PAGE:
Tibet’s ecological protection stressed

By Shan Jie and Bai Yunyi Source:Global Times Published: 2016/7/8 1:13:00

Promoting region’s unique resources would alleviate poverty: official

Tibet's development should be guided by innovation, coordination, green development, openness and sharing, according to a Chinese official at a forum on the region's development on Thursday.

Liu Qibao, publicity chief of the Communist Party of China, said at the opening ceremony of the Forum on the Development of Tibet that the region is on the cusp of a new round of development. It will continue to pursue economic and social improvement, augment people's livelihood, encourage multiculturalism, and protect local culture and the environment, the Xinhua News Agency reported.

Environment protection has become a burning issue on the forum.

Zhang Tianhua, a deputy director of the regional Environmental Protection Department, said that Tibet will remain committed to protecting the environment and more than 7.1 billion yuan ($10 billion) has been spent on this area since 2009, and 15.5 billion yuan has been earmarked for environmental protection measures before 2030.

The funding so far has been used to conserve grassland, forests, wetlands and wildlife reserves, and for building monitoring facilities. More than a third of Tibet's land area is covered by nature reserves of over 412,000 square kilometers.

Daniel Joseph Dudek, chief economist of the Environmental Defense Fund in the US, praised Tibet for protecting its environment. However, he pointed out that due to the ecological sensitivity and vulnerability, compounded by the combined effects of global warming and human intervention, some parts of the region have suffered from desertification, land erosion and trans-boundary air pollution.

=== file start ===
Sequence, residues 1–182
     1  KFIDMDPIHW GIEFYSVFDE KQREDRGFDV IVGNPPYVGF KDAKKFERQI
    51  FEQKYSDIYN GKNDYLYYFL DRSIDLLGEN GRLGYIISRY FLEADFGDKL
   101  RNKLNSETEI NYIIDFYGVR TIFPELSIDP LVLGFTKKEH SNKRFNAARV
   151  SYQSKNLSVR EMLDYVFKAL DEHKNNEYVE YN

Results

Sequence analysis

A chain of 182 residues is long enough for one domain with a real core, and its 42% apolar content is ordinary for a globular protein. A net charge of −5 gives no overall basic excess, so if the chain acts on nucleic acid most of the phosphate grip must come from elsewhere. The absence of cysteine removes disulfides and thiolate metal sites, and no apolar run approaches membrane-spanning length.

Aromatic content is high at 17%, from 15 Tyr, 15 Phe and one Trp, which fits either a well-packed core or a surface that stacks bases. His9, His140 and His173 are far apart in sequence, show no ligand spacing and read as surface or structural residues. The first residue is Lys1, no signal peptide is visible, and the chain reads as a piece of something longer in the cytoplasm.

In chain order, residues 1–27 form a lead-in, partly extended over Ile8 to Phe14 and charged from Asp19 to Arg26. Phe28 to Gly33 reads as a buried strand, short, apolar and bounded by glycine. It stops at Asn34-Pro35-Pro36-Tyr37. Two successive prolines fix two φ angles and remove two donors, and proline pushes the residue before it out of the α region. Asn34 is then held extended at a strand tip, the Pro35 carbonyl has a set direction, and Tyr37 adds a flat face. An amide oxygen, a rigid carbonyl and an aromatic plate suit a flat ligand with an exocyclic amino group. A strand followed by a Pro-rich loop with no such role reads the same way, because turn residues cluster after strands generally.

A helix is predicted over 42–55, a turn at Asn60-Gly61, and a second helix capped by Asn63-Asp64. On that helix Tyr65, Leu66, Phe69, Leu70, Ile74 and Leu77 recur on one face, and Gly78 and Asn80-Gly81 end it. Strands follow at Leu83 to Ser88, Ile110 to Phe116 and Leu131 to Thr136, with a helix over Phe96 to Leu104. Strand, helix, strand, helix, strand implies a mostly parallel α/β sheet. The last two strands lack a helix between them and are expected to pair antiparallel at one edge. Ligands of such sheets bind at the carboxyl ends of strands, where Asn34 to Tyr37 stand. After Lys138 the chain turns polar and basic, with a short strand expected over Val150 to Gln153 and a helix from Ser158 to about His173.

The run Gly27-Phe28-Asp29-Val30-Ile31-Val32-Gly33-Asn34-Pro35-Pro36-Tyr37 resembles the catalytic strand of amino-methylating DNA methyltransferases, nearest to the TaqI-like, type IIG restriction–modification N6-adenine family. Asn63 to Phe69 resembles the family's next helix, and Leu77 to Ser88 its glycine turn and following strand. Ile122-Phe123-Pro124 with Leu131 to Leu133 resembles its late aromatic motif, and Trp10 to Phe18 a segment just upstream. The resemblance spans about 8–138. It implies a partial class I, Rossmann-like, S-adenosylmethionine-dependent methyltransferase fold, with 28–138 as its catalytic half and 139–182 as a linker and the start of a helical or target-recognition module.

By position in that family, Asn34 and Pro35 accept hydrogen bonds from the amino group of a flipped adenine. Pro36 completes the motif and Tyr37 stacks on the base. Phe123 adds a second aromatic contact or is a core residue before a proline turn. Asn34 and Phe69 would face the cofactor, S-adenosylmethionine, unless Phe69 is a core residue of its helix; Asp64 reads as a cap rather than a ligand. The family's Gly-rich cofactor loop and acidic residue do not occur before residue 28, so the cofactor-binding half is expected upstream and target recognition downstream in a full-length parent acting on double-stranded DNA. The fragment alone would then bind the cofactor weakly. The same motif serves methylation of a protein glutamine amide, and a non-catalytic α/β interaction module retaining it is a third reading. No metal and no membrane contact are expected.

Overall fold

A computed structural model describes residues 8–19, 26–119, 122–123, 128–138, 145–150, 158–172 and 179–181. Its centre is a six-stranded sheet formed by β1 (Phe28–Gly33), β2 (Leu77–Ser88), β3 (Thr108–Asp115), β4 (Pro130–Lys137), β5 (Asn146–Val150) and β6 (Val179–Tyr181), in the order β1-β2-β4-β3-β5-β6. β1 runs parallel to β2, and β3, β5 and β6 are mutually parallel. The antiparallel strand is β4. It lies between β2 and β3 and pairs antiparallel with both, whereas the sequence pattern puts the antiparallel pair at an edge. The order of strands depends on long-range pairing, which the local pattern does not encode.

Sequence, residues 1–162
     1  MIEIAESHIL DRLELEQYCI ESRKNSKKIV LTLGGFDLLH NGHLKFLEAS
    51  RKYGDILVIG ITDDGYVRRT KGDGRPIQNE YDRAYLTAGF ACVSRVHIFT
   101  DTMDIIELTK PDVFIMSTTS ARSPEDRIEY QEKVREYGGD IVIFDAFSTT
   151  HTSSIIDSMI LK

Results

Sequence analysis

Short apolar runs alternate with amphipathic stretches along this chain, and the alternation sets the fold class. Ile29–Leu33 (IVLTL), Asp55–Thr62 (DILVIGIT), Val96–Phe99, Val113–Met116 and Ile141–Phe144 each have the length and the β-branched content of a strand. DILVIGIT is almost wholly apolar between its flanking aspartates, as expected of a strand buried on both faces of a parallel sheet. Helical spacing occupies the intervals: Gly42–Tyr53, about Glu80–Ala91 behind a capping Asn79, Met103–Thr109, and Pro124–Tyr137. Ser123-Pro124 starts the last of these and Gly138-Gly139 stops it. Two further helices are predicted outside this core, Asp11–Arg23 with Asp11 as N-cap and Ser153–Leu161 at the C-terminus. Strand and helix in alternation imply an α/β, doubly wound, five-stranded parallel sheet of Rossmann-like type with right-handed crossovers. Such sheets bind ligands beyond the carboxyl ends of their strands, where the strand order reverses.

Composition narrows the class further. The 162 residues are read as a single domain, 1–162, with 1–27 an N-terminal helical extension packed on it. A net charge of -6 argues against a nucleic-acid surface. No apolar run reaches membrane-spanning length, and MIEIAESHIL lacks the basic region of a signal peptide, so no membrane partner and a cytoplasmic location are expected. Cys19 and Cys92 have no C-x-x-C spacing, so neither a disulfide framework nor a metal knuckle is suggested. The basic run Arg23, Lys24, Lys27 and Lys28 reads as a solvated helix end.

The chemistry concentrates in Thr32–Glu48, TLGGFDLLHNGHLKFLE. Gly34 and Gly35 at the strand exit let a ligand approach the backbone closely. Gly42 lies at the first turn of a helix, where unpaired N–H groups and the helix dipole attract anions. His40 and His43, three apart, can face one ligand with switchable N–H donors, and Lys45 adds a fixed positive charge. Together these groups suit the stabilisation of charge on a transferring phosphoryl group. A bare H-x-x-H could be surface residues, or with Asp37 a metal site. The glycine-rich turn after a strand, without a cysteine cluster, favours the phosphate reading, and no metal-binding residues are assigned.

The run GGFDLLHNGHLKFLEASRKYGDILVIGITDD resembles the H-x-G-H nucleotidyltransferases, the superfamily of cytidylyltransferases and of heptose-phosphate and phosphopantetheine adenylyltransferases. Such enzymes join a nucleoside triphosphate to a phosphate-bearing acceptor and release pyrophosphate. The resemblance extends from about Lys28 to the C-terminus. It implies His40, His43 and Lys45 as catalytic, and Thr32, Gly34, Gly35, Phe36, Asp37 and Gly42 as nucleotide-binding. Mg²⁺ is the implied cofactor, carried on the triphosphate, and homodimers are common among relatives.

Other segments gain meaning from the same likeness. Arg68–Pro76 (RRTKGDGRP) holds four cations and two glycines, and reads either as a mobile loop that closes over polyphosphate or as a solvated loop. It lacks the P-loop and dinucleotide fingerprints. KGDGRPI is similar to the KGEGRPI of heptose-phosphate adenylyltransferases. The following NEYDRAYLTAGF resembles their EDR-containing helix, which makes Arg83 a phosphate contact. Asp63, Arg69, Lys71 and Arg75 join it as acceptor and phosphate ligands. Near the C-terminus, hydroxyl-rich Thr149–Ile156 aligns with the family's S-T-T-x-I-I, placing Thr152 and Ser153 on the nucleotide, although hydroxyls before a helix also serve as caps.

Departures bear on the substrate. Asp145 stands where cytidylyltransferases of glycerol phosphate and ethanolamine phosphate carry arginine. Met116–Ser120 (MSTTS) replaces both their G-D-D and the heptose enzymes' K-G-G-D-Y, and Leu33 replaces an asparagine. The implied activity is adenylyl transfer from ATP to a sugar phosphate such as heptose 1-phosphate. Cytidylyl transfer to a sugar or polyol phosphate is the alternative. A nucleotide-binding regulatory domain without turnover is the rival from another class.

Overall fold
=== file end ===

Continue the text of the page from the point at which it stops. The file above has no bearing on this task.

Dudek suggested environment conservation in Tibet could adopt international methods, such as the "habitant exchange" system, to help its people, wildlife and economy. 

According to US-based non-profit environmental organizations, in a habitat exchange, landowners such as farmers and ranchers create, maintain and improve the habitat on their property and earn credit for their efforts.

Landowners sell their credit to the industry in exchange for the development of roads, transmission lines and wind turbines that would have an impact on the environment.

Official data shows per capita disposable income of urban residents in Tibet reached 25,457 yuan ($3,808) in 2015, up 15.6 percent from the previous year, according to the regional government.

"However, 590,000 people in the region remain below the poverty line and have little chance of getting out of poverty," Gou Ling, the director of Tibet's poverty relief office, said.

Aside from central government funds, tourism plays a significant role in Tibet's poverty relief efforts, which contributed a quarter of its GDP in 2015, Lian Xiangmin, an expert at the China Tibetology Research Center, told the Global Times on Thursday.

"The region's unique tourism resources could help to expand its market," Lian noted.

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